While feline immunodeficiency virus has no cure, FIV-positive cats can live full, healthy lives if their owners provide them with proper care. FIV-positive cats should only live indoors and owners should take extra precautions to avoid exposing the cats to infections.
FIV-positive cats are more susceptible to infections and can die or become seriously ill from infections that would be minor health issues for FIV-negative cats. Because of their susceptibility to secondary infections, FIV-positive cats need more frequent health checkups and should live indoors to avoid exposure to infectious diseases. Avoid raw food diets for FIV-positive cats to reduce the risk of food-borne illness. FIV-positive cats should have veterinary checkups twice a year and receive immediate veterinary care whenever they exhibit any signs of illness.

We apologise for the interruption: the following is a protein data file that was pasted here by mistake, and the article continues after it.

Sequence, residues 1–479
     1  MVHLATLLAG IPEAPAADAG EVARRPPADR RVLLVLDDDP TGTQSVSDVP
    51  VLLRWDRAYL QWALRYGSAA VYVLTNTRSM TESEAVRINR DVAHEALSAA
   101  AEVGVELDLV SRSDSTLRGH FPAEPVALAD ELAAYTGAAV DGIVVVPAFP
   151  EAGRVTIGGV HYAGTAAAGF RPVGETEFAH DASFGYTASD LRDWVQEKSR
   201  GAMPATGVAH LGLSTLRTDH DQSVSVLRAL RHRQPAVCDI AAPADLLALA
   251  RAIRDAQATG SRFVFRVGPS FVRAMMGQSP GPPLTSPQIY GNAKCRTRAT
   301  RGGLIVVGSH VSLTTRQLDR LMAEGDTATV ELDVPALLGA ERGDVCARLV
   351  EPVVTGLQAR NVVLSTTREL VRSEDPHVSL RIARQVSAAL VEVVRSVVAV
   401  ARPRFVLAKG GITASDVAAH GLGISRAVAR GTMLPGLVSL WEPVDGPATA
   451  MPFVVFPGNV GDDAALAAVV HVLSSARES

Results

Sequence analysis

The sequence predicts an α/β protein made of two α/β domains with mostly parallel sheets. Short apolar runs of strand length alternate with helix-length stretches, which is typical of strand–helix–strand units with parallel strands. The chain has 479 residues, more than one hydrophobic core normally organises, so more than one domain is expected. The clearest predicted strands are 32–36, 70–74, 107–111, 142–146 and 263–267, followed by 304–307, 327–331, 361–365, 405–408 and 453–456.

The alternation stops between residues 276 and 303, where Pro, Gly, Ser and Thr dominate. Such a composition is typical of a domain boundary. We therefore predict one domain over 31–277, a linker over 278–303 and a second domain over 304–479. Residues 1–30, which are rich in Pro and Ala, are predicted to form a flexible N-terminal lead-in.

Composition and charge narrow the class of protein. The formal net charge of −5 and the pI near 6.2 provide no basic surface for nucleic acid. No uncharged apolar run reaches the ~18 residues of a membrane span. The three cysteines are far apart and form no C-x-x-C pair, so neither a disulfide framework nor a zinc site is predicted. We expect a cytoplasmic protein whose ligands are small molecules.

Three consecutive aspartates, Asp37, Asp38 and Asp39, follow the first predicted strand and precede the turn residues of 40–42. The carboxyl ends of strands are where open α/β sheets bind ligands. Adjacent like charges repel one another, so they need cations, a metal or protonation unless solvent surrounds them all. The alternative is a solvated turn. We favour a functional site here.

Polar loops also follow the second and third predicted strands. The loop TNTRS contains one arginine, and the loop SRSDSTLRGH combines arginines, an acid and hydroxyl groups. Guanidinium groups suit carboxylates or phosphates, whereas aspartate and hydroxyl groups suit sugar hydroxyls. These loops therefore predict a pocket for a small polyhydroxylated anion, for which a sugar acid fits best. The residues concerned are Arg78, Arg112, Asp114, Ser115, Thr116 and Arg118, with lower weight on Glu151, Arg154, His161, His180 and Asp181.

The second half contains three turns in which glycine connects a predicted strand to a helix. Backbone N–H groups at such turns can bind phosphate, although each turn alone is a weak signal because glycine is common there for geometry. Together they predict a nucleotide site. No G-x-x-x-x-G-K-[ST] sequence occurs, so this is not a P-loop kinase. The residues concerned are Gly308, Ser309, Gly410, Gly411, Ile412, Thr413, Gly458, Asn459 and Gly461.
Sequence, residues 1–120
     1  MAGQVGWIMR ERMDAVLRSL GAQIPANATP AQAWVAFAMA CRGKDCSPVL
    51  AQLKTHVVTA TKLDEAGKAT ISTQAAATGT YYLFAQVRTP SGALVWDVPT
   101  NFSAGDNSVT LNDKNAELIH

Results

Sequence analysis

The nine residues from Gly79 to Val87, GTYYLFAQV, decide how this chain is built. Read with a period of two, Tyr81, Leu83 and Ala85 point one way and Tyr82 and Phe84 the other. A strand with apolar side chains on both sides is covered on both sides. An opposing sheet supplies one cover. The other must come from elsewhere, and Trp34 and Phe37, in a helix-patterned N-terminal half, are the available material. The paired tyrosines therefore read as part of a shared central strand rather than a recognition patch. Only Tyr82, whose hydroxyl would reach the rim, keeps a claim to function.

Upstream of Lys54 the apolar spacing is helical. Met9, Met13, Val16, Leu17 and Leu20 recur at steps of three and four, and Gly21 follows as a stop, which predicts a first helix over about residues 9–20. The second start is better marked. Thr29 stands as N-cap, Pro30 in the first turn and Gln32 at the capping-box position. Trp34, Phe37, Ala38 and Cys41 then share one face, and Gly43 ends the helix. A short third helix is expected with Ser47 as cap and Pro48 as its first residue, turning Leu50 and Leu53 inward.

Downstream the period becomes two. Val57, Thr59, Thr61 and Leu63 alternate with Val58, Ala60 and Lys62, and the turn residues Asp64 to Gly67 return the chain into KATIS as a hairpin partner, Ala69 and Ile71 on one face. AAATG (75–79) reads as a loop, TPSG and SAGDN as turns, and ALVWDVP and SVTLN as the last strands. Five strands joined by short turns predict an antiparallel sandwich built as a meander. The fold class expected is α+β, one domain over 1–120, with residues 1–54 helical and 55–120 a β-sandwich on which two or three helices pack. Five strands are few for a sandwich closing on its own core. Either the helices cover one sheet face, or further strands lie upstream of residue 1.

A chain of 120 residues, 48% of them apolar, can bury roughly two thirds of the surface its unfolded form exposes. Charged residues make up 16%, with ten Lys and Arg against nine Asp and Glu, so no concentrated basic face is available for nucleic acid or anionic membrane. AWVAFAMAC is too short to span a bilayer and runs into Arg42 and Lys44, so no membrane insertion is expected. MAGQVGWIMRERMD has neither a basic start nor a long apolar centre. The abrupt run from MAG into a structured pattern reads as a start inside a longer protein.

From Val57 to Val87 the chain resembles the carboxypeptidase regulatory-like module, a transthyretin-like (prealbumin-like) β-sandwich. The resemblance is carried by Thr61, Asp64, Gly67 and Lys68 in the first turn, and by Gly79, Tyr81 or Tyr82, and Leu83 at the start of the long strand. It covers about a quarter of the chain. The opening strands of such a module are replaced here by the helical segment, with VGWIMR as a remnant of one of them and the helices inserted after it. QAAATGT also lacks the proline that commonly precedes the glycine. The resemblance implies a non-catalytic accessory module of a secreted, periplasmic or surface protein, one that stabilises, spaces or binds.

Another major concern with FIV-positive cats is reducing the chances of spreading the disease. FIV is not communicable from cats to any other species, but FIV-positive cats can spread the disease to other cats through mating or skin-piercing bites. Spay or neuter FIV-positive cats to prevent spreading the disease through mating. Cats rarely bite and pierce the skin of other cats they know, but FIV-negative cats may be at risk of getting the disease when a new cat joins a household.